Predicting Risk: The Vancouver Port Strikes

The Resilient Enterprise | The riskmethods Blog
vancouver-port-strike

August 8, 2019

You don’t need a crystal ball to foresee risk events that might disrupt your business…but you do need a solution that will help you find the right predictive insights to guide you. Learn how the Vancouver port strikes affected supply chains—and how companies paying attention could have avoided it.

by Stefanie Schori

There’s a common misconception in the business world that risk is unavoidable. “There’s nothing we can do about risk,” you might hear. “We just have to accept it.”

Sure, there are some types of risk that you can’t predict. You can’t, for example, get advance notice of natural disasters like earthquakes or tornadoes (although you should know which of your business partners are located in these disaster-prone zones!). But it’s not true that there’s nothing you can do about risk. At the end of the day, here’s the real truth: Risk is often predictable—if you’re looking for the right signals.

As an example, let’s take a look at a risk event that could have negatively impacted multiple riskmethods customers: the May 2019 planned strike, and subsequent lockout, of Canadian dock workers in Vancouver, British Columbia. Members of the International Longshore & Warehouse Union Canada voted 98.4% in favor of supporting strike action during contract negotiations with the BC Maritime Employers Association (BCMEA). The action started small—no picket lines, just a ban on overtime work—but escalated quickly. In response to the overtime ban, the BCMEA notified all port workers (with some limited exceptions) that they would be locked out of the job. The result? The port of Vancouver, which sees $180 million in container traffic on a daily basis, essentially shut down.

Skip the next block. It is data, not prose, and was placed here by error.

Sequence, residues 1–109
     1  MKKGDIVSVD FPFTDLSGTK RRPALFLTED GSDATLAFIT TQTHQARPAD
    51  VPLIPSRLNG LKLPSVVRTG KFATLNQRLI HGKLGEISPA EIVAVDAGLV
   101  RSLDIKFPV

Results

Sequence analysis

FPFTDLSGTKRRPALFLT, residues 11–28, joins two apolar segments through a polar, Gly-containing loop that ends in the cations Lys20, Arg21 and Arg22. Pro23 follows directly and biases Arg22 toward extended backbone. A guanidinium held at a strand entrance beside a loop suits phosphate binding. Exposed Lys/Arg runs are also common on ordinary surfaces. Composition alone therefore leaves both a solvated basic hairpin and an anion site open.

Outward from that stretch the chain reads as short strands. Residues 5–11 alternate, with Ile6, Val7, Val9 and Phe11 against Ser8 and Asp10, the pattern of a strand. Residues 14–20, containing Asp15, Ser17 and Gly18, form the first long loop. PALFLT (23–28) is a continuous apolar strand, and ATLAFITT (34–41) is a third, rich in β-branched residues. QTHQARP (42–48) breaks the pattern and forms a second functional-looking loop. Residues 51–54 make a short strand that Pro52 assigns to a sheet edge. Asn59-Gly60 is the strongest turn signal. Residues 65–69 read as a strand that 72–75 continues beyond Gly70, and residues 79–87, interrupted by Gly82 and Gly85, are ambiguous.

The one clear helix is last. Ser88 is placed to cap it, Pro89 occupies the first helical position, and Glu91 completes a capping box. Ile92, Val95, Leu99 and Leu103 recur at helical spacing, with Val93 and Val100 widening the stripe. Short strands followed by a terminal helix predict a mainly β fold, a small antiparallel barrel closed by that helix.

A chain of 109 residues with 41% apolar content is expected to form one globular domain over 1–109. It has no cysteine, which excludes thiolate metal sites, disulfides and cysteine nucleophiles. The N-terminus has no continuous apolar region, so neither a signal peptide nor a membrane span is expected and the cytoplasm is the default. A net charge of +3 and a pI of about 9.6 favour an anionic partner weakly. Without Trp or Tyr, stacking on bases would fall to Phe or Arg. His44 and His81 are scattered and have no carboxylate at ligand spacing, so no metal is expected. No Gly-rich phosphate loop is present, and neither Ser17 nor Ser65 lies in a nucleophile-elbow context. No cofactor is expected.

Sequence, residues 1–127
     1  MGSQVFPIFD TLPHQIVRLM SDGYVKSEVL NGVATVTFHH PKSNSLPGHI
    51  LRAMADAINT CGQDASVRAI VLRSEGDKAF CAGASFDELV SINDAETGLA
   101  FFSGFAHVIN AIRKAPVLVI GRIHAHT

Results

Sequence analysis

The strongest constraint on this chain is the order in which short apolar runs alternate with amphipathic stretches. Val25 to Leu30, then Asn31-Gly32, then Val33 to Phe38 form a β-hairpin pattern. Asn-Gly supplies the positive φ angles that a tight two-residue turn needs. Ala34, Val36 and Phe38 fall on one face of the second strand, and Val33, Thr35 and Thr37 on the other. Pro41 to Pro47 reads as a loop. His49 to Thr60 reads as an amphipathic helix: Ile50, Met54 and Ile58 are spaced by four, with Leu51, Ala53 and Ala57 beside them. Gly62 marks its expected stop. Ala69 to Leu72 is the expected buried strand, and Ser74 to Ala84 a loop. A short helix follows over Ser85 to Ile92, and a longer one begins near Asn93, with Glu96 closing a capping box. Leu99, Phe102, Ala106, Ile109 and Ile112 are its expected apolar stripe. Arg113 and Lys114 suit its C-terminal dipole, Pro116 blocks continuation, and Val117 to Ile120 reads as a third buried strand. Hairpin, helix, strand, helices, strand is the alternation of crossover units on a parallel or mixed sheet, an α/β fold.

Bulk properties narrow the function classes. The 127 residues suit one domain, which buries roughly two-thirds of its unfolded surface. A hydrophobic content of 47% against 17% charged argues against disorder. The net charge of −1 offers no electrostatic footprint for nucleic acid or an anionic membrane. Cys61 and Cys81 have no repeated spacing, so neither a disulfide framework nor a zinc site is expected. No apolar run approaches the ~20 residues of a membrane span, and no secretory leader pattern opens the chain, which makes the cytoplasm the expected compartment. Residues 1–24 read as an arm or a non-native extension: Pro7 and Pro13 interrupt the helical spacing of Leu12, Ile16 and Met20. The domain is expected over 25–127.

Any major port closure can have devastating ripple effects, with potentially major delays in shipments from suppliers or to customers—and the lockout at Vancouver was no different. For those companies who learned about the port closure as it was happening, I wonder how many said, “Well, there’s nothing we can do about it. We just have to accept it.” I bet there were a lot. But, again, here’s the real truth: They didn’t have to accept it. If these companies had the upstream supply chain visibility they needed to get the appropriate warning signals, they could have known about the likelihood of a port closure 4 weeks in advance, and taken action to avoid being affected by it.

Here’s the timeline of warnings about this port closure that riskmethods sent to potentially affected customers, starting on May 6. (How did we do it? Easy: riskmethods Risk Intelligence™.)

timeline-vancouver-port-strikes

In other words: riskmethods customers knew 24 days in advance that a port closure was likely. Imagine a company that finds out about the lockout on May 30, when they learn that their goods are stuck in Vancouver. Now imagine a company that finds out about the possibility of a port closure 24 days in advance, and reroutes its supplies through a different port to avoid the risk. Which company do you want to be? (Still not sure? Find out what it feels like to be a risk-aware organization.)

Bottom line: You don’t have to accept risk. So the next time you see someone shrugging their shoulders about it, give them a little tap and correct their perception. Your entire company—and your customers!—will thank you.

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